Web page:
The Houghton family has never been afraid to expand their business.

The Houghton family has never been afraid to expand their business.

Brothers Dennis, Mark and Kent Houghton together operate Central Plastics, Inc. in McPherson, a custom extrusion producer for anything from window frames to oxygen tubing.

Their father, Chester Houghton, started the extrusion company in 1968 with Roy Swick and Virgil Anderson. The company began with two extruders, three employees and 4,500 square feet of production and warehouse space. Now, Central Plastics has expanded to 210,000 square feet at its original location and employs over 200 people, with another expansion in the works.

“It’s a warehouse expansion, but right now our production area is pretty cramped because we have stuff that should be in a warehouse in that area. It stifles our production and we need new space,” said Dennis Houghton, president of Central Plastics, about the company’s 38,000 square foot expansion. “A lot of our customers are looking for just-in-time items, so they don’t keep inventory. That means we need to keep inventory for them, and we need the warehouse space to do that. It will allow us more room on our production floor for more extruders as well.”

Chester Houghton isn’t in the office as much, now at age 97, but he still enjoys visiting his sons’ offices at the family-run plant. Mark Houghton, vice president of production and operations, agrees with his brothers in that their father is proud of how they’ve grown the family business.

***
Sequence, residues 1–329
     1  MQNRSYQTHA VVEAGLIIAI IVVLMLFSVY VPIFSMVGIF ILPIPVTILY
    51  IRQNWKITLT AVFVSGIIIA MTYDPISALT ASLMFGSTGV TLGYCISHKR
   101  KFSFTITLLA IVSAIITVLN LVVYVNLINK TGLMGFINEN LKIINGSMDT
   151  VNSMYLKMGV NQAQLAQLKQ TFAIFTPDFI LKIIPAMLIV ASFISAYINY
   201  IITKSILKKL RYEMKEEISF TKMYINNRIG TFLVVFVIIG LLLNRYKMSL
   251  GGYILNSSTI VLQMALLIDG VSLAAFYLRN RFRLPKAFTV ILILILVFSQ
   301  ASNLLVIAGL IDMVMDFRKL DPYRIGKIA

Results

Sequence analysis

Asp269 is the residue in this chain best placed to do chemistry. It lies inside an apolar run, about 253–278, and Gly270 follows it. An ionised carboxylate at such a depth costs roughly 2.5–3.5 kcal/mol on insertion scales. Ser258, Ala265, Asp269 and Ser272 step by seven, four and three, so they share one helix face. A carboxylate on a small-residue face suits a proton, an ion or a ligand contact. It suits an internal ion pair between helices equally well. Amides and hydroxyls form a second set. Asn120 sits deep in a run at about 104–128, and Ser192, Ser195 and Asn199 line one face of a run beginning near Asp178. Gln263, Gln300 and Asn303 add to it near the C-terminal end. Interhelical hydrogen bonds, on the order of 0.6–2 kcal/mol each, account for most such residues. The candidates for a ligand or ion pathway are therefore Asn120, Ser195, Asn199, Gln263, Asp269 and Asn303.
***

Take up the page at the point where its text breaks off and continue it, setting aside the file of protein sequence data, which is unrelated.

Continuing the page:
“He said that we’d be a big producer when we have 7 or 8 machines — that would make him happy. Now we have 45,” Mark Houghton laughed. “He was always into expansion.”

Kent Houghton, vice president of tools and die, agrees because the expansion will allow them to hire 25 McPherson residents over the next five years.

“[Chester Houghton] was so happy to see the way we run the business and that we are employing more people and taking care of them. We’re a family-oriented business and we treat our employees like family too,” Kent Houghton said. “For small companies like us, our success helps to build the success of McPherson.”

During Monday’s meeting, the McPherson City Commission approved an industrial revenue bond abatement for Central Plastics, which allows them a sales tax exemption while purchasing materials for the new warehouse.

“McPherson is just a good place for businesses,” Mark Houghton said. “It’s a good location, good electricity rates, great people, and even new businesses coming into town do well just because McPherson is business-oriented, from MIDC [McPherson Industrial Development Corporation] to the city commission.”

The family business

Dennis Houghton explained that Central Plastics has stayed in the family over the past 48 years. Of course, these brothers never thought they would find themselves working in dad’s shop.

“I got my business finance degree in 1972 and I just shored up some pricing issues and helped with organizing the way things are done, then Kent came in with his experience and Mark came in after being a bank examiner for some time. Each of us used those skills to make the company grow, and try not to step on each others toes,” Dennis Houghton laughed. “We’re locally based, we all grew up in McPherson and we’re glad McPherson has a lot to offer and it’s allowed us to stay in the community.”